I went to Ireland in the summer of 2008 with my cousin.
We were to take the train to the ferry then on the other side of the Irish Channel we were to take the train from Belfast to Drogheda to meet up with friends of ours.
Usually, I’d have booked flights to Dublin and then gone through to Drogheda from there which would have been far quicker and probably cheaper too but the reasons for taking a route and travel methods that would make the overall journey a helluva lot longer was that basically, it would allow us to take in some of the country, breathe in that sea air and get completely pissed en route.
It had all been planned out diligently and there I stood, all bright-eyed and bushy-tailed in Central Station, in Glasgow‘s city centre that fine early August morning waiting for my cousin to arrive.
Anyway, he shows up at the station totally wrecked less than ten minutes before our train is scheduled to depart.
It turns out he’d been in the casino all night.
As he was pretty skint at the time I’d agreed to loan him some spending money for the journey as I was somewhat flush myself.
But that wouldn’t be required as it turned out he’d won about £1700 or thereabouts playing blackjack and roulette whilst knocking back beers and vodkas all night.
After calling time on his successful gambling binge he’d headed home to get about an hours sleep and a change of clothes before hot tailing it down to the train station to meet me.
Safe to say he was in bits. You could smell the booze off him from about five hundred yards upwind and he looked exhausted both physically and emotionally.
But at least he’d made it.
The train was a nightmare. For some unbeknownst reason they’d only put two carriages on and it was overcrowded from the get-go.
Combine that with the temperatures for that time of year and it was like an oven.
With no space available we had to stand against the door with our bags pressed up against it. No chance of a drink or anything.
He had the fear big time and I mean BIG TIME!
I get it myself after heavy sessions and the last place you want to be is on busy public transport.
Ideally, you want to be locked up behind closed doors, with the blinds drawn, snoozing on your couch with takeaway food ordered for delivery.
Not on an overcowded Scotrail train on a balmy August morning.
By the time we got to Ayr – about 30 or so minutes in – he was freaking out so much he had a panic attack which resulted in him suddenly running off the train.
I didn’t know what to do. I tried beckoning him back as the other passengers looked on aghast but it was like that scene in Star Wars where they just make it out of the garbage compactor on the Death Star and Chewie refuses to go near it again.
He’d left his bag and everything and the train was about to pull out of the station in a few minutes. So I grabbed it and followed him. I mean what the hell else could I do?
There was no chance of getting back on the train.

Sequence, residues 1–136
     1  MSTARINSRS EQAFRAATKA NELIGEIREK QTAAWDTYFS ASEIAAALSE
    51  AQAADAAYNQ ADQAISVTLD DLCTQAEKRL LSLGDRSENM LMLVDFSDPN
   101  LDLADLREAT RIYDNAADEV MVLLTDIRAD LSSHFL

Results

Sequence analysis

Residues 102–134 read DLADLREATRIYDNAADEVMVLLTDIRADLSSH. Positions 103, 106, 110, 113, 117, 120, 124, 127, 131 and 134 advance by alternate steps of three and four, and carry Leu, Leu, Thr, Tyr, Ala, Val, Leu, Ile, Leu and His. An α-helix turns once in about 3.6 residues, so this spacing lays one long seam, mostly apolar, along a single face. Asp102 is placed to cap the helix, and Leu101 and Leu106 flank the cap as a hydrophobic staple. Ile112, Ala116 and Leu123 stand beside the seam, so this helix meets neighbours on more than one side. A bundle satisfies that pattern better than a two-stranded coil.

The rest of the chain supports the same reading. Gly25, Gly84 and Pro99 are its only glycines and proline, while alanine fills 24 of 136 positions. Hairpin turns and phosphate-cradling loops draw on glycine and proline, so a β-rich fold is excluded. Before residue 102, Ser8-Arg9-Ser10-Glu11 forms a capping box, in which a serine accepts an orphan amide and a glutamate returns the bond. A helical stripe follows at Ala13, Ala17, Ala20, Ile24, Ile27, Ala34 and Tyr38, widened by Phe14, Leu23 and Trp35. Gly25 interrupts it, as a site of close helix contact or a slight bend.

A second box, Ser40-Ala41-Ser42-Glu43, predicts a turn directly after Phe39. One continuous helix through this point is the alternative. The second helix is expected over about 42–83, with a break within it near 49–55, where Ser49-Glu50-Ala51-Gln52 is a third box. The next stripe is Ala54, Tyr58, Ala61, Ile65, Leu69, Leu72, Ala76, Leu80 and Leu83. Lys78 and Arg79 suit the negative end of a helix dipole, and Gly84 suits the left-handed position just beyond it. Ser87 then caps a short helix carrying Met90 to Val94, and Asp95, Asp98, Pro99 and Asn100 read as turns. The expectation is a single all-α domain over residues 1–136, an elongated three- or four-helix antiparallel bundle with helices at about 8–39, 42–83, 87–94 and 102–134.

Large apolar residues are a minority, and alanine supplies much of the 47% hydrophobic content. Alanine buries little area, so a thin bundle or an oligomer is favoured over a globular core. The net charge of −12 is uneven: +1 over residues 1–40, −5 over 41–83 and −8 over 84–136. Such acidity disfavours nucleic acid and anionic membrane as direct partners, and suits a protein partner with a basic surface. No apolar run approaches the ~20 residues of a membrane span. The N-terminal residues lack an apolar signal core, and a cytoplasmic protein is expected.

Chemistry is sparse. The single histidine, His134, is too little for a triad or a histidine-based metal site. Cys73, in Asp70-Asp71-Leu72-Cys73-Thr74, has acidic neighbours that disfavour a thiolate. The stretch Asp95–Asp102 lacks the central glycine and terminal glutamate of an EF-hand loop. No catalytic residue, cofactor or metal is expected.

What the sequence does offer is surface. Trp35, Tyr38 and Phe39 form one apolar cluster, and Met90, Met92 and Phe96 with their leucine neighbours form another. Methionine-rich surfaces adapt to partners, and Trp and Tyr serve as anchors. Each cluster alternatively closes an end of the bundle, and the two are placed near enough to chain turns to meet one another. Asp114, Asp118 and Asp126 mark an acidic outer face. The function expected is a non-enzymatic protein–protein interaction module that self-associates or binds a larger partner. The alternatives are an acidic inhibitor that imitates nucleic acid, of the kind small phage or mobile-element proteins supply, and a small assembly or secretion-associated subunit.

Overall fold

People were pushing forward on the platforms shouting at the conductor about the lack of spaces. The usual shit show from Scotrail.
I thought the holiday was, for want of a better word…….. f*cked.
We couldn’t make it to the ferry port now as the next train would likely be equally as chaotic and wouldn’ get us in on time in any case.
But remembering he was flush with cash from the previous night’s winnings he said he’d pay for a taxi to Cairnryan even though it was over an hour away by car and would likely cost a fortune.
There was a line of black hackney taxi drivers sitting outside the station chatting amongst themselves which is usually the case when business is slow. I thought we’d struggle to find one who’d agreed to it unless we were willing to pay some exorbitant price.
To my surprise the first guy we asked said he’d do it for 90 quid.
It was actually a lovely ride down. Much more comfortable than the train. I guess you get what you pay for.
On the ferry over it was full of the Apprentice Boys of Derry who were heading to Derry funnily enough for their annual parade.
As you’d expect they were a bunch of bigoted knuckle-dragging morons who were even more low rent than the much larger and more notorious Orange Order.
They drank the ferry dry and succeeded in offending just about everyone on board during the sail.
That aside there was also a difficult moment when we were sitting down for a pint on one of the ferry’s multiple bars that I realised I was staring straight at a girl who I’d had a brief encounter with at a friends house after we’d met at a nightclub the year before.
She had her mother and daughter with her and scampered off to the other side of the boat as soon as she recognised me.
I must have left a hell of an impression.
Alas, ships that pass in the night and avoid each other by day.
Anyway, it was some trip over and turned out to be a smashing weekend.
So good in fact I can’t remember much from the journey back.
But I sure as hell can when it comes to how we got over.